Schematic view of a STM system. The STM controller adjusts the z-position of the tip such that, ideally, the tunneling current matches the setpoint for all x, y-positions and generates the x, y positions. 4 The bottom inset shows the ideal tip trajectory, the top inset displays the actual trajectory that suffers from overlaid noise.
Schematic of the scanning probe microscope simulator (SPMS). The SPMS consists of (from left to right) input resistors, limitation diodes, an impedance converter, and the tunneling current diode. The following current-to-voltage converter can be part of the SPMS or separately attached to the feedback system. Optionally, the dynamic response of the mechanical loop of the microscope can be added by closing switch S, where an LC series is connected to ground. Choosing L = 25 mH and C = 1 μF leads to a scanner resonance of 1 kHz.
The roughness R a of the topography as a function of the P-Gain is shown. Low P-Gain values show a strong increase of R a (Region I) as the feedback system cannot fully zero the error signal. In Region II, the P-Gain values show a saturation of R a . For high P-Gain values (Region III), the feedback system starts to oscillate and the apparent roughness R a strongly increases.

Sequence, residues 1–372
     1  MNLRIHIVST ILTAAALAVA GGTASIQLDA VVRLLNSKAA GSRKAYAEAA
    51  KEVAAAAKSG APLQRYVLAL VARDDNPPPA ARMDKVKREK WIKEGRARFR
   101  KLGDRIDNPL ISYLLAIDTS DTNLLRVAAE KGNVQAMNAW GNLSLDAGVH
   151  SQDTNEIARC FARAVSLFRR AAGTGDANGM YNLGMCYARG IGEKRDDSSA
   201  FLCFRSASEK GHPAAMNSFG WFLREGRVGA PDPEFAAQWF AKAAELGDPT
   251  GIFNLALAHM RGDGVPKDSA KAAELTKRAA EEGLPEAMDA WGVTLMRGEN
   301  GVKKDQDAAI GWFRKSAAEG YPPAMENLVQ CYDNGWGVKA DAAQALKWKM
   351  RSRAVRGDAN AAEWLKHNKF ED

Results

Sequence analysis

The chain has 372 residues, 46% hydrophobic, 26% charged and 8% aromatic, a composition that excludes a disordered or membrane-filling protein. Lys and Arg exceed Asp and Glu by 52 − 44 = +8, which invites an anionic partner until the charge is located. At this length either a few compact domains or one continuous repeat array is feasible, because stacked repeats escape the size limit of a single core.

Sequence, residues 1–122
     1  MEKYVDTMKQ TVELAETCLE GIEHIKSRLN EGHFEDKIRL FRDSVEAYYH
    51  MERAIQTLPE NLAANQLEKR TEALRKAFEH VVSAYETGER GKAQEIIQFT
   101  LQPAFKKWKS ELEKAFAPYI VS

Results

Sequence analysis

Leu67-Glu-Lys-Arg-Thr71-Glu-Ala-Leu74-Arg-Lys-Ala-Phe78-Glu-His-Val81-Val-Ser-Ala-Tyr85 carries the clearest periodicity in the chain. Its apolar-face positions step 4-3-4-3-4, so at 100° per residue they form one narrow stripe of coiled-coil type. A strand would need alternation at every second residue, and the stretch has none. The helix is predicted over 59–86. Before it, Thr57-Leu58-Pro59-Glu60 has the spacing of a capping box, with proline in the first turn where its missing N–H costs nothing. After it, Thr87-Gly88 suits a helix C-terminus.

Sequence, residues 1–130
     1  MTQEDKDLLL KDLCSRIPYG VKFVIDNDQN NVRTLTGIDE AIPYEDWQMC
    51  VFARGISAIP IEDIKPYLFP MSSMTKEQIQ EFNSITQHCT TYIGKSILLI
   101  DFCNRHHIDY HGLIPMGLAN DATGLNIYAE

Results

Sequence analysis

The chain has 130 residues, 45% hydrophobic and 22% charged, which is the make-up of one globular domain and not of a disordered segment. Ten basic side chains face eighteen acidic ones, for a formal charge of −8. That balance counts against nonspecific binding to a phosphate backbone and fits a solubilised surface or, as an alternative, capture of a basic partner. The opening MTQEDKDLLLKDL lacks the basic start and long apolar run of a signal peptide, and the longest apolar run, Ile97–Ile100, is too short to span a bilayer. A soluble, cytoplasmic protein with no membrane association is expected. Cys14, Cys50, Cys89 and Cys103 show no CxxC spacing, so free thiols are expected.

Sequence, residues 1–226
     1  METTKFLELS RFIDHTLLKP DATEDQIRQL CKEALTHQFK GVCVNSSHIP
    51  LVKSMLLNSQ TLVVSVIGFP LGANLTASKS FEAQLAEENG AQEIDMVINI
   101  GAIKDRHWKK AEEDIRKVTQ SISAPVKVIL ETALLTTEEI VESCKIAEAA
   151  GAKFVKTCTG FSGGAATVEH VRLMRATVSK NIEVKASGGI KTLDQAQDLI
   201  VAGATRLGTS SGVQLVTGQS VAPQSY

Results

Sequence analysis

(a) Schematic of the rectangular perturbation signal and the output response. The settling time t settling is the time between the rectangular perturbation signal rise and the output response is within a defined error. 19 (b) Topographic image of the rectangular perturbation signal, with V r = 50 mV, f = 36.6 Hz, and P-Gain = 450 pm. (c) Cross section from (b) to extract t settling .
The optimal P-Gain value was determined by measuring the minimum settling time for a rectangular perturbation signal. The two outer points of the parabola were estimated as there settling times were not within the time according to a plateau of the rectangular perturbation signal. The minimum P-Gain is around 340 pm.
The roughness values R a are shown for two STM controllers, A and B. The extracted R a for controller A is 1.12 pm, which is approximately two times smaller than R a = 1.99 pm for controller B. Controller B was a 20 year old feedback electronic compared to a modern feedback electronic called controller A.
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